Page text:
TUESDAY, Feb. 7, 2023 (HealthDay News) — That feeling of crushing pain in your chest can be a medical emergency, but it can also be angina pectoris, or “stable angina” — a symptom of coronary heart disease that can be managed with medication.
Angina can be stable, unstable, variant or refractory, so it’s important for people having chest pain to see a doctor to determine what needs to be done.
“It turns out, there are lots of different kinds of chest pain. In fact, almost everything in the chest can hurt in one way or another. Some of the causes are really nothing more than a minor inconvenience. Some of them though are quite serious, even life-threatening,” Dr. Alan Greene said recently about stable angina, noting chest pain can be caused by everything from asthma to a blood clot in the lungs.
What is angina pectoris?
Stable angina typically happens because of narrowing or blockages in the arteries that are not providing the heart muscle with the blood it needs, according to the American Heart Association (AHA).
It’s the most common type of angina and has a regular pattern, according to the U.S. National Library of Medicine (NLM).
Conversely, unstable angina can be a sign of an imminent heart attack. In this case, the pain doesn’t follow a pattern or stop with rest and medication, according to the NLM.
Variant angina happens when someone is at rest and can be treated with medications, according to the NLM. A person with refractory angina may have frequent symptoms despite lifestyle changes and medication, according to the Mayo Clinic.
What causes angina pectoris?
Coronary heart disease is behind angina. That condition is due to reduced blood flow because of plaque growth from waxy cholesterol sticking to the walls of the coronary arteries, according to the AHA.
Arteries can narrow over time or be blocked by a clot if plaque ruptures and breaks off suddenly.
Angina pectoris symptoms
Angina can feel different for men than for women. Some symptoms include a feeling of squeezing or pain in the center of the chest or discomfort in the neck, jaw, shoulder, back or arm, according to the AHA.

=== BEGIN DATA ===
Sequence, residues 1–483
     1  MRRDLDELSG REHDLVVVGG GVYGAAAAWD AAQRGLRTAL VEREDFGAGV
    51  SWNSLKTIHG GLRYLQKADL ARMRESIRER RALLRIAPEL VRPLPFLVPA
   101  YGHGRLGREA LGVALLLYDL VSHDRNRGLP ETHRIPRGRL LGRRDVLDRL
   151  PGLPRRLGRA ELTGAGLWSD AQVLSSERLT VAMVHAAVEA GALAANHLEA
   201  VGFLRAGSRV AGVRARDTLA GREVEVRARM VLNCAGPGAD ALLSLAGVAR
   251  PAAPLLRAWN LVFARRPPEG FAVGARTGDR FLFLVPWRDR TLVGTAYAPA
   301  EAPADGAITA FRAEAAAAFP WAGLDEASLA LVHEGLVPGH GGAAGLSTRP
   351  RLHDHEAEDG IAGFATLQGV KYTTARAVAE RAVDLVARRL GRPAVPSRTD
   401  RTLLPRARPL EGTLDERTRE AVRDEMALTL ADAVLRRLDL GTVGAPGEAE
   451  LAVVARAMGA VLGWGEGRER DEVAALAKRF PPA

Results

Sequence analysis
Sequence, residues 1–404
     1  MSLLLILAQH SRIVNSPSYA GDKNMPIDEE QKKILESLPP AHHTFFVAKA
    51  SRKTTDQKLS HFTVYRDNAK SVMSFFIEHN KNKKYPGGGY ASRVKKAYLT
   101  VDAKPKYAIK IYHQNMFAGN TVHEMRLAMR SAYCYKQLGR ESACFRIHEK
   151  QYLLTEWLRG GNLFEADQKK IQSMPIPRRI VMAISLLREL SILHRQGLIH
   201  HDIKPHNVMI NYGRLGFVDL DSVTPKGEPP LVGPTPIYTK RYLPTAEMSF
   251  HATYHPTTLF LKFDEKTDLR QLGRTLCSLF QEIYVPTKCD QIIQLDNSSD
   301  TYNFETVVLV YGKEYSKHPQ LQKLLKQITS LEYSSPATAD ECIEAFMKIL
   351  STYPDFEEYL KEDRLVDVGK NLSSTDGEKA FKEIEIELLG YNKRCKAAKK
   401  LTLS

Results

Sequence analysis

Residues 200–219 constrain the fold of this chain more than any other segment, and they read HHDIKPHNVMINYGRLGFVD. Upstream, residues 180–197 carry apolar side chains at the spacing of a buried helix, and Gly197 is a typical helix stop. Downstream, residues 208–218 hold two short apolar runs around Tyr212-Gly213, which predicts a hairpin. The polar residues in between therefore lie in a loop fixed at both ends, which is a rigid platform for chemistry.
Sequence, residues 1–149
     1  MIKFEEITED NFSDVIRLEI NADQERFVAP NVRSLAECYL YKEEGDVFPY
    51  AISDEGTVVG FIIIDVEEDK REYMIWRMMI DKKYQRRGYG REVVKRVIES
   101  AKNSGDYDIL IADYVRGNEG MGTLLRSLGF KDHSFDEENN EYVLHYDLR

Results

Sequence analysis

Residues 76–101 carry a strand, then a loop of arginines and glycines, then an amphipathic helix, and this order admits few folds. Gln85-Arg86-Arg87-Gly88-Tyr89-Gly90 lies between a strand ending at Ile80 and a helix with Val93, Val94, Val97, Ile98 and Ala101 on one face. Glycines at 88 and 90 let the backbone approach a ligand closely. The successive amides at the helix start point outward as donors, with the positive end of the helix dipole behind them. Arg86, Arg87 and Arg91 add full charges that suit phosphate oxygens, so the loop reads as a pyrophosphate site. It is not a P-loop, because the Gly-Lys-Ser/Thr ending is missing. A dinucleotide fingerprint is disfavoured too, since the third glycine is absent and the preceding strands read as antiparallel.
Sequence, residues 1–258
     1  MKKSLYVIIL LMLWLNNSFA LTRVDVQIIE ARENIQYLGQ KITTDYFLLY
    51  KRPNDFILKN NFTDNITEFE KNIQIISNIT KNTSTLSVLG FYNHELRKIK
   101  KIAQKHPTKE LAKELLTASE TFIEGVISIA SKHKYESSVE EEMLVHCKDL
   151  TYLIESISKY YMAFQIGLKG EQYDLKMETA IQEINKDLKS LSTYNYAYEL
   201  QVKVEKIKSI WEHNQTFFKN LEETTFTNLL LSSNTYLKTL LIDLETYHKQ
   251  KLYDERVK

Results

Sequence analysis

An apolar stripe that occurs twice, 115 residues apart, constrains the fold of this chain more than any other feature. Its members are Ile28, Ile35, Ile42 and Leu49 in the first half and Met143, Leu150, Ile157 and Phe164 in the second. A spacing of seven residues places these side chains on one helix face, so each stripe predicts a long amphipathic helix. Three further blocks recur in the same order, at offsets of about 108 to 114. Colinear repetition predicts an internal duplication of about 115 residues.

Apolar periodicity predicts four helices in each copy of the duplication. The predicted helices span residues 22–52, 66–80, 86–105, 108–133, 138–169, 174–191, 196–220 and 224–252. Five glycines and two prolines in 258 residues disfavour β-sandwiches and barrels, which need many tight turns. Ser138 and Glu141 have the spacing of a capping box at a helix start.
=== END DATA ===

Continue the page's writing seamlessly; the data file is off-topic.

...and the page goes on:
Angina can cause feelings of chest pain and arm numbness, according to the Texas Heart Institute in Houston. The pain may spread.
Women may instead have nausea, vomiting, abdominal pain or feel out of breath, the AHA noted. That’s because they’re more likely to have microvascular disease in the small arteries.
Triggers may include exercise, emotional stress, heavy meals, smoking, and very hot or cold temperatures, according to AHA.
Angina is considered stable if frequency, length and responsiveness to medicine stays the same for two months, the Mayo Clinic said.
More alarming is new chest pain or a change in pattern. This may signal unstable angina with symptoms that include worsening pain that may last longer or isn’t relieved by rest or medication, according to the Mayo Clinic.
Someone experiencing this should immediately seek medical care.
Angina pectoris treatment
Treatment can include lifestyle changes, medication and surgery.
Rest and the medicine nitroglycerin, which relaxes the arteries and increases blood supply, can ease chest pain, according to the AHA.
Beta blockers and calcium channel blockers help reduce the heart’s workload, while angiotensin-converting enzyme (ACE) inhibitors and angiotensin II receptor blockers lower blood pressure, according to the AHA.
Statins may be used to treat underlying high cholesterol levels. Anti-clotting medication, such as aspirin, may also be prescribed.
An anti-angina medication called ranolazine may also help, according to the Mayo Clinic.
Surgical options are angioplasty and stenting, which involves widening an artery with a balloon and then inserting a metal tube to keep it open, according to the Mayo Clinic.
A study published recently in the journal Circulation, found overall risk of death to be similar for simple angina whether treatment included surgery or medications and lifestyle interventions.
“If a patient with mild angina controlled by medical therapy wants these narrowings [of arteries] ‘fixed,’ which some patients do, it’s very reasonable to go ahead and do that because they’re not going to be harmed,” lead researcher Dr. Judith Hochman, director of the Cardiovascular Clinical Research Center at the NYU Grossman School of Medicine in New York City, said when the study was released.
“The same is true for a conservative strategy,” Hochman added. “There are many patients that just don’t want invasive procedures.”
Treatment for unstable angina can include angioplasty and stenting or coronary artery bypass graft surgery, according to the AHA.
The latter surgery bypasses a blocked artery by using a piece of healthy blood vessel from another part of the body, according to Johns Hopkins Medicine. Both the traditional open heart surgery or less invasive methods may be used.
How to prevent angina pectoris
Johns Hopkins Medicine recommends maintaining a healthy lifestyle to prevent angina symptoms.
Lifestyle changes can include eating a healthy diet, with limited sugar, salt and saturated fat.
Exercise using a safe plan developed with your doctor, lose excess weight and quit smoking, the Mayo Clinic suggests.
Manage medical conditions such as diabetes, high blood pressure and high cholesterol, Mayo Clinic recommends. This includes taking medications as prescribed, Johns Hopkins Medicine notes.
Manage stress and work toward a healthy weight, Johns Hopkins suggests.
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